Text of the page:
My time with the US Army was unforgettable. It wasn’t all dark. I made beautiful connections with the soldiers and my captain’s. I even remain connected to some of them on social media today. The support of my American brothers fighting next to me helped push me to be my absolute best. It taught me the importance of courage, commitment, and brotherhood. I have always believed that God is stronger than injustice and together we made many epics of heroism and noble sacrifices for the stability of the country. I realized that life must be built on love, sacrifice, and redemption for others to live in peace. There are many more stories I wish I could present to you but as you know, nothing is more beautiful than the homeland, living in peace, and building a better future for your family. I spent my life waking up to the sound of guns, air raids, killings, and violence, but these conditions and the harshness of life made me the conscious, balanced person that I am today. I believe that if I could get through this, I could get through anything in life. I will never give up my hope for Iraq’s stability and I will forever pray for peace amongst all.
Moe worked with the US Army and participated in Operation Iraqi Freedom from 2006-2008. His family is currently living a peaceful life in a beautiful area located in Iraq. He managed to save enough money to build them a family home from the ground up. He recently gained US Citizenship and is now working hard to create his American dream.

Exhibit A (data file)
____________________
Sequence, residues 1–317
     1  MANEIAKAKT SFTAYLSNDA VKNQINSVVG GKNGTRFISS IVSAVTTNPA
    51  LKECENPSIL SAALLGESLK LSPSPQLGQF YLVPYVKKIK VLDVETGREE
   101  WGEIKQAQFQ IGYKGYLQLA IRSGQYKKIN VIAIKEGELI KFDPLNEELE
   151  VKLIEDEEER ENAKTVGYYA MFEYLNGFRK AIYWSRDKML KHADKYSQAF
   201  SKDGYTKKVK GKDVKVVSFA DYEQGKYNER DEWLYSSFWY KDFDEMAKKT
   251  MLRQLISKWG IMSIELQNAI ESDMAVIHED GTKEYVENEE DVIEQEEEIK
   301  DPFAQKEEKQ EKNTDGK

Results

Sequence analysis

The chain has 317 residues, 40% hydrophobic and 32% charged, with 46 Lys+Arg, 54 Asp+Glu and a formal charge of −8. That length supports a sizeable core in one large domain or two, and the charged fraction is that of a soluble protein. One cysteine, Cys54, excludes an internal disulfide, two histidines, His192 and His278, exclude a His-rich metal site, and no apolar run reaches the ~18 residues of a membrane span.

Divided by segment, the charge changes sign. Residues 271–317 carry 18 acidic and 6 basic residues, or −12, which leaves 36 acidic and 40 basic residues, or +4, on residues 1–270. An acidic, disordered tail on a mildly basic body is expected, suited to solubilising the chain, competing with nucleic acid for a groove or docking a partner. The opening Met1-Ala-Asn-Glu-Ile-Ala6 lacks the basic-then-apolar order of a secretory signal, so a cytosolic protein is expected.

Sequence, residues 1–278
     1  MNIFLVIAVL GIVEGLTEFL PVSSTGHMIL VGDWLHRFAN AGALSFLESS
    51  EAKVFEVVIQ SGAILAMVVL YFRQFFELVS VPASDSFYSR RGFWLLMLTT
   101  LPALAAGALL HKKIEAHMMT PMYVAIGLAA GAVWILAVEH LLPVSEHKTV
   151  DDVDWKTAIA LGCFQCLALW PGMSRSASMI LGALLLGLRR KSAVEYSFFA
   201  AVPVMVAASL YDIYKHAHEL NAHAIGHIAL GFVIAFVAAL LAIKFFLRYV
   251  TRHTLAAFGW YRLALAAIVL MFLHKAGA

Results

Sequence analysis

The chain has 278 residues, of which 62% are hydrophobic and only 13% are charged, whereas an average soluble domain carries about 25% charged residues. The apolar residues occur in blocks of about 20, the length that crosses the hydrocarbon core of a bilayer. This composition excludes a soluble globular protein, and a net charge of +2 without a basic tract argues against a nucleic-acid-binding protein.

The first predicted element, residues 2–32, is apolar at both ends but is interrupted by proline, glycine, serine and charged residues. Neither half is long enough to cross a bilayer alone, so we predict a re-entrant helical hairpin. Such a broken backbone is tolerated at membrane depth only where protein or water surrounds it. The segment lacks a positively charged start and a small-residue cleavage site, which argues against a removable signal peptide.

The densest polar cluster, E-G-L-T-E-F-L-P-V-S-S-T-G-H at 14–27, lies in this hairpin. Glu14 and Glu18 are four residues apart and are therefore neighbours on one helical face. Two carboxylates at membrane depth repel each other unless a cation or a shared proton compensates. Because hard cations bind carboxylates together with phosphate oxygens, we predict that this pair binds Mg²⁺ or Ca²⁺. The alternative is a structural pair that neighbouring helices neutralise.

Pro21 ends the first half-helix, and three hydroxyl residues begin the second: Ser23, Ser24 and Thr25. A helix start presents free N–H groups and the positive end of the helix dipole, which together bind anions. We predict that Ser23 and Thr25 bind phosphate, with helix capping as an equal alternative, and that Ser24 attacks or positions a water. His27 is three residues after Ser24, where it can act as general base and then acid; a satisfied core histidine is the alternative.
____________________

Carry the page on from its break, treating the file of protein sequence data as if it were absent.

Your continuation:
Moe’s younger brother became a well-respected commanding officer for the Iraqi Air Force and has worked closely with the US Army to defeat terrorism throughout the years.
Ali misses his family every day but has focused on creating a large one of his own with a wife and 6 children. He dedicated his life to serving the country next to our American soldiers and still works with the US Army today.
There are countless Iraqi’s that have been contracted to work with the US Army. Many are afraid of even reaching out to seek benefits because they would still like to keep this information very private. Moe’s story is just one of many brave individuals that have been working behind the scenes to protect the country. It is an honor to share this one and I am very proud to work for a team that fights tirelessly to get these workers the benefits they deserve.